Grit Blogs > Country Cooking

Key West Green Beans

A-photo-of-Chuck-MalloryKey West is known for a lot of things, namely relaxation, sun, scuba, and partying. Hardly the place you’d expect to find the best green beans you ever had. Don’t those belong in the humid Midwest, land of tractors humming across lonely acres and Grandma-cooked fried chicken on a Sunday table?

Tucked on a side street off Duval, the main drag, was a little barbecue joint called Meteor Smokehouse. It was a random discovery, though frequenters to Key West knew of it, I learned later. Next to a popular bar called the Green Parrot, I was ignorant of that and all other restaurants in Key West. It was a rare trip in which I did no food research ahead of time. This trip was a winter getaway: the only prep I did was  finding what to do besides drink booze. When I discovered that Key West has three great historical places – the Audubon House, Ernest Hemingway's home and Truman's "Summer White House" – I wasn't worried about cuisine.

When I was at Meteor Smokehouse, they hit two home runs – one for their incredible chicken wings, and one for spicy, crunchy green beans. Since this is about side dishes, I’ll leave someone else – perhaps Stephen Raichlen? – the task of copying their chicken wings.

Their succulent side dish boasts tender-crisp green beans with the sizzle of heat and a slightly asian tang. Meteor’s recipe, which I wrested from a friend who had to sneak back to the kitchen on her trip to beg for it – is called “Minnie’s Green Beans.” Search-engine that, and you’ll find a variety of recipes called by that name, “Minnie Lee’s Green Beans,” “Spicy Green Beans”  and other names. Who was Minnie/Minnie Lee? No one knows. Like other passed-along recipes, they don't even have the same ingredients. Of course I had to tinker: some of the recipes don't even come out right, I discovered. And since I had a great-aunt Minnie, maybe I'll pretend she secretly ventured out of north Missouri to Key West and taught them how to cook.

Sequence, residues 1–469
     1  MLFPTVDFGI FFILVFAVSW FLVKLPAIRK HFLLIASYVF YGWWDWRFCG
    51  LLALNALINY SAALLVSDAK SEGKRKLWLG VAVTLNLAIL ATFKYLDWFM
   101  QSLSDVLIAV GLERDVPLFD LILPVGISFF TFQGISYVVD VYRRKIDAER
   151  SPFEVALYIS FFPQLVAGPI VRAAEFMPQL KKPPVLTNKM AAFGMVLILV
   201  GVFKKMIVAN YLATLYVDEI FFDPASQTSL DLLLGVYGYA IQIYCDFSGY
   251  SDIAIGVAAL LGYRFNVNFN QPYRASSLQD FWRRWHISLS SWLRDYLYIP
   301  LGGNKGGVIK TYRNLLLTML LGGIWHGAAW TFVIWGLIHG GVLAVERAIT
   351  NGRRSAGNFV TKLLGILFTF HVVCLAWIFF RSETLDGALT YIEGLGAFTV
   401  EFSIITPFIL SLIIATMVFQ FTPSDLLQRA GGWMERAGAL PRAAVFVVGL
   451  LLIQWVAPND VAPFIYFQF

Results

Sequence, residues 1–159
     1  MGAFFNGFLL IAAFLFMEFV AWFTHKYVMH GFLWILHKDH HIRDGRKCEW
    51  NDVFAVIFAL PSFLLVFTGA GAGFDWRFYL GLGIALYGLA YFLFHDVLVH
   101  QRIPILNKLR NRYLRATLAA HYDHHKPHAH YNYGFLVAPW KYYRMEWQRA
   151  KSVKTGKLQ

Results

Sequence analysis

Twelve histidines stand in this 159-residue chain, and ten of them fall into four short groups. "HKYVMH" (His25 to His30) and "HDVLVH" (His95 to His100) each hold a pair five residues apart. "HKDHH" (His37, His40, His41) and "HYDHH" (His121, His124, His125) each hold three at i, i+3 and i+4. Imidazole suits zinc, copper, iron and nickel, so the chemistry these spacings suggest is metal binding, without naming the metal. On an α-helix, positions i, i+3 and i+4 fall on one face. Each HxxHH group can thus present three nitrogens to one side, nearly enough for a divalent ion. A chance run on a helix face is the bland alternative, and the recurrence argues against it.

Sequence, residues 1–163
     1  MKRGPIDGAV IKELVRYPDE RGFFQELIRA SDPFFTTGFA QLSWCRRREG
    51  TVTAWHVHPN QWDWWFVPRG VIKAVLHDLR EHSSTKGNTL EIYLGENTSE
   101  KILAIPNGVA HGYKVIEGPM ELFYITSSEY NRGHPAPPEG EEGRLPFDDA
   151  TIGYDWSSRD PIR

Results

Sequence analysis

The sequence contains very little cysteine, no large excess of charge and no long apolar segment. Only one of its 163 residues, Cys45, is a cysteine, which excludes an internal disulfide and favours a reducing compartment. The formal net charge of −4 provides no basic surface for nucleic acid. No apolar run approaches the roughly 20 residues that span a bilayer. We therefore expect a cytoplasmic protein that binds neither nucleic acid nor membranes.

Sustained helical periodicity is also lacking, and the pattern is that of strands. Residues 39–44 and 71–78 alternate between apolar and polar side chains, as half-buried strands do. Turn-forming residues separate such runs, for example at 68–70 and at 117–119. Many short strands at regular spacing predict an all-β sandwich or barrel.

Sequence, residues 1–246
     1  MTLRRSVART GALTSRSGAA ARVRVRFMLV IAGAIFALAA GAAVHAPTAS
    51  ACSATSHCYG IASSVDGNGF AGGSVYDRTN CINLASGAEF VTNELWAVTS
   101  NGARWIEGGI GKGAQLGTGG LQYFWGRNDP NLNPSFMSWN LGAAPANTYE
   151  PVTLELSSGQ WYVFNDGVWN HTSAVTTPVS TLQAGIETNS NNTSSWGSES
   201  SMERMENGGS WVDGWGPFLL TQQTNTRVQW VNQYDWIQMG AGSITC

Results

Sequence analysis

Sadly, Meteor has since closed, and it's not the first time. Apparently the place had a rocky history. At least I saved the green beans from extinction.

Key West Green Beans 


3 cups fresh green beans
4 green onions
2 tablespoons szechuan sauce*
1/2 teaspoon soy sauce
1/2 teaspoon minced garlic
(See recipe:) Optional, 1/4 teaspoon red pepper flakes
1/2 cup lard (yes, shortening--not butter or oil)

Clean and dry green beans, set aside. Dice white portion of green onions very finely, mix with szechuan sauce, soy sauce, minced garlic, and if using, red pepper flakes (this dish is already spicy, but if you prefer extra-spicy, add the red pepper flakes).

Heat lard in a deep frying pan on medium high heat. When hot, add green beans, and cook, stirring frequently, approximately 6-7 minutes. Immediately set beans on a separate plate, pour off excess grease, then return green beans to pan. Add sauce mixture, stir till heated through, and serve immediately.

*I used House of Tsang Szechuan Spicy Stir-Fry Sauce. Other commercial brands of sauces and their variations:

House of Tsang Saigon Sizzle Stir-Fry Sauce (hotter)
General Tso Stir-Fry Sauce (sweeter)
KA-ME Szechuan Sauce (milder)
Ty Ling Sweet Szechuan Sauce (milder and sweeter)

Love Asian condiments? Here is a simple, education website on all of them. It's also helpful if you want to make these sauces with your own ingredients: